Those figures come from the first European Lesbian* Conference that took place early this month in Vienna, and they were the proverbial last drop that pushed the organizers into action. (They should crunch the numbers for women’s projects, too, which I suspect are no more eager to embrace lesbian issues than queer NGOs often headed by gay men.)
The two researchers who presented a report to the conference on lesbian lives in Europe discovered that we were almost on par with unicorns when it came to mining data even among countries in the relatively progressive European Union.
This meant that not only were they limited in the conclusions they could draw, but that we would hit a brick wall if we wanted to propose a project on lesbian mental health, for instance, because we wouldn’t have enough figures proving it was needed or to create a model for how it might work. Ditto for projects addressing violence against lesbians. No data. Therefore, no funding. And no action. As a result, almost every researcher at the conference begged the lesbian participants from Iceland to Uzbekistan to get involved collecting data on their own communities.
The second, equally repeated request, was for lesbians to come out, and stay out, both online and in real life. This visibility tells young lesbians they aren’t alone and creates room to maneuver for all those who can’t risk coming out, especially in cultures where all women are excluded not only from politics and culture, but from public spaces like parks, streets, cafés.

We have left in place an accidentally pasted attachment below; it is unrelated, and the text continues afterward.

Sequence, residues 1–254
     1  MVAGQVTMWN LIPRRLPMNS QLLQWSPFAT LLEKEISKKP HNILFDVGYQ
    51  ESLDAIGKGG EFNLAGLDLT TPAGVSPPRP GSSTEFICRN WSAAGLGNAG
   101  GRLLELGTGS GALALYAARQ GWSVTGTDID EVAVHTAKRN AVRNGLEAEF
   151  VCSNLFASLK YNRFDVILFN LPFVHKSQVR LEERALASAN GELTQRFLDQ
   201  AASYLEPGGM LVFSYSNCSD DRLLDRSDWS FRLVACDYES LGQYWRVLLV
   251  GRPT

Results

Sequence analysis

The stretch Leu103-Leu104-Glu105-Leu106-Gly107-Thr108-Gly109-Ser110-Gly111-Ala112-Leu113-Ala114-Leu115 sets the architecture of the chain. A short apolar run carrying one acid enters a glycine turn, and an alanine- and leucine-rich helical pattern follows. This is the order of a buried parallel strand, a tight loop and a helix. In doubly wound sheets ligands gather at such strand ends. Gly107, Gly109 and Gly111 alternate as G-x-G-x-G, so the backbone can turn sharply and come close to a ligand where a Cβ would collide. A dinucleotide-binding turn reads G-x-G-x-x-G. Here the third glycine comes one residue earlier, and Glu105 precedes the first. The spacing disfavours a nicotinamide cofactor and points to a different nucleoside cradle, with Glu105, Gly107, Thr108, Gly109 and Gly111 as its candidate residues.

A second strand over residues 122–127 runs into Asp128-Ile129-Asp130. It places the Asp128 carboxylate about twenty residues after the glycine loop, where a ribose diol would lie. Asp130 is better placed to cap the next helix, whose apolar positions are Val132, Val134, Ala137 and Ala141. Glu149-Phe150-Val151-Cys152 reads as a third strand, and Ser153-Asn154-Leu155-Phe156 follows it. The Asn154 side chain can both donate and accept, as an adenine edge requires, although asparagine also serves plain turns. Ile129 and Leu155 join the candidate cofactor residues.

Oh, and even though they added the asterisk, acknowledging some felt more comfortable with other words, they insisted we use the word, lesbian*. Because a word is not just a word. In practical terms, lesbian is the only word so far that includes all of what we are. As much as I like “queer,” it fails us with its masculine default. And while a word like “fluid” may be accurate for some, or even many, it not only sidelines gender, but hedges its sexual bets, conveniently leaving the door open to straight privilege. One Ukrainian dyke called a refusal to use the word lesbian flat-out homophobic. I’d say there’s misogyny at play as well.
This erasure of “lesbian” and the return to the linguistic closet has real world consequences — less political power, less funding, less research, more invisibility. Visibility is key not just to power, but hope, solidarity, and even joy, if you judge by the ecstatic faces at the lesbian march through the center of Vienna on the last night of the conference. Words also give people ideas. It’s why when homosexuality was outlawed — again — in Britain in 1921, they, too, refused to include the word lesbian. During the debate in the House of Lords, the Earl of Malmesbury famously explained, “The more you advertise vice by prohibiting it, the more you will increase it.” We can only hope.
Kelly Cogswell is the author of “Eating Fire: My Life as a Lesbian Avenger,” from the University of Minnesota Press.